Kofi Annan Blasts Hedge Funders For Acquiring So Much African Land
By Courtney Comstock
The former secretary general for the UN, Kofi Annan, recently commented on hedge funds' buying a disturbing amount of land in Africa.
"It is very disturbing that a recent report found that agricultural land that adds up to the size of France was bought in Africa in 2009 alone by hedge funds and other speculators."
Oakland Institute, the author of the report, made its research public. Click here to view it. The report says that in 2009 alone nearly 60 million hectares (the size of France) was purchased or leased in a "land grab." The entire press release is below.
Annan, alarmed by the report, said, "It is neither just nor sustainable for farmland to betaken away from communities in this way nor for food to be exported when there is hunger on the doorstep. Local people will not stand for this abuse – and neither should we."
One of the problems the research cites is that the land deals are poorly documented.
The institute says their research exposed investors who said it’s easy to make a land deal – that they could usually get what they want in exchange for giving a poor, tribal chief a bottle of Johnny Walker.
The release adds:
Annan did say, however, that large commercial farms have a role to play but must integrate their activities within communities, serving as a hub to link smallholder farmers to value chains — markets, supermarkets and agribusiness.
A BBC reporter on the ground in Africa found that the investors do in fact add value in Africa.
When I visited Lungi-Lol in rural Sierra Leone I saw men hoeing thousands of hectares of farmland owned by Addax, a Swiss-based bio-energy company.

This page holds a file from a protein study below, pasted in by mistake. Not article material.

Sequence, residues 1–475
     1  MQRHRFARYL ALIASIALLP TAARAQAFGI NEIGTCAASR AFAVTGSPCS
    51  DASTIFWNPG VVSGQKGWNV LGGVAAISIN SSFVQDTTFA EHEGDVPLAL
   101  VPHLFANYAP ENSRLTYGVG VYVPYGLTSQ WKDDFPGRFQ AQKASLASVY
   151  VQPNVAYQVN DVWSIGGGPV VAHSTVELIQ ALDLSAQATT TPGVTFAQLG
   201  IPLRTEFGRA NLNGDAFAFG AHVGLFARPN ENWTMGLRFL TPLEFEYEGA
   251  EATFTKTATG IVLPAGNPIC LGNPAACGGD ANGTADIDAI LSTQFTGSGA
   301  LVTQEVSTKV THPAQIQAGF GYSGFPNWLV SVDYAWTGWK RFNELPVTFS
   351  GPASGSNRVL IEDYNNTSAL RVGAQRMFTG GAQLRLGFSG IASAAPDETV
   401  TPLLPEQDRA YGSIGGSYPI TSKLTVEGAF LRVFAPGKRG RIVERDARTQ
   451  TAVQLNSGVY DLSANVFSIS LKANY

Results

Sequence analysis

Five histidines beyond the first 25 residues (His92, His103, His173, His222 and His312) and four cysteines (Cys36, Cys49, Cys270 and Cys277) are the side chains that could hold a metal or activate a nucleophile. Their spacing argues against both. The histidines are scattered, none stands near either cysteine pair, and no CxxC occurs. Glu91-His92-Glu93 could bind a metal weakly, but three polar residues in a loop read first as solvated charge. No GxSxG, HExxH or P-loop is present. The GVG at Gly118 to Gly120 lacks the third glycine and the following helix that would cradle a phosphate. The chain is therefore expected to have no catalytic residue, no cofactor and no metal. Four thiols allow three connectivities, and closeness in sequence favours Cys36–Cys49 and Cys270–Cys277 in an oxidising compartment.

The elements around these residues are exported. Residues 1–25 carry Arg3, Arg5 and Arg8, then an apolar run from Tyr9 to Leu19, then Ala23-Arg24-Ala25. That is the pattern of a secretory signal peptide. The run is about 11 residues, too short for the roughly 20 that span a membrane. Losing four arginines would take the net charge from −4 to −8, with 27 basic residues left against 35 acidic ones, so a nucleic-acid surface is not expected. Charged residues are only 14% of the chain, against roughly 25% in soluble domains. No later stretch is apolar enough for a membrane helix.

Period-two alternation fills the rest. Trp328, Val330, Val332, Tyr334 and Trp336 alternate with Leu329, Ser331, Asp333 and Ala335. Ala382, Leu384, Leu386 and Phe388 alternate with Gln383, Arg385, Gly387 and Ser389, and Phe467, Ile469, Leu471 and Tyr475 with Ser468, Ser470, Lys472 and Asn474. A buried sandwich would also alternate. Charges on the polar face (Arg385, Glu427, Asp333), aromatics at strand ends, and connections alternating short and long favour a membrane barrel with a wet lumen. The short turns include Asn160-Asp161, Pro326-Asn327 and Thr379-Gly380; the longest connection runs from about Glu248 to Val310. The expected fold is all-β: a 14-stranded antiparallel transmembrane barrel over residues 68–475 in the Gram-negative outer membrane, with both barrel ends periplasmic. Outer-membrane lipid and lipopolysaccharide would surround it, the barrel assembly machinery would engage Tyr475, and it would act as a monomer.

They are growing sugarcane to produce biofuels.Campaigners say this contributes to food insecurity, but many people here welcome Addax's presence.
Francis Koroma, who works on the farm, says: "We thank God for Addax. I am gainfully employed and I receive about $70 (£46) a month. Before, I spent a whole year without getting $50."
Villagers are unaware of the controversy surrounding biofuels.Abdulai Conteh , a local traditional leader, said: "Some people are doing business here but I have no idea what they are doing with our land. I see them growing sugarcane. That's all I know."
The Oakland Institute press release says:
Hedge funds and other foreign speculators are increasing price volatility and supply insecurity in the global food system, according to a series of investigative reports released today by the Oakland Institute. The reports are based on the actual materials from these land deals and include investigation of investors, purchase contracts, business plans and maps never released before now.
The “Understanding Land Investment Deals in Africa” reports also reveal that these largely unregulated land purchases are resulting in virtually none of the promised benefits for native populations, but instead are forcing millions of small farmers off ancestral lands and small, local food farms in order to make room for export commodities, including biofuels and cut flowers.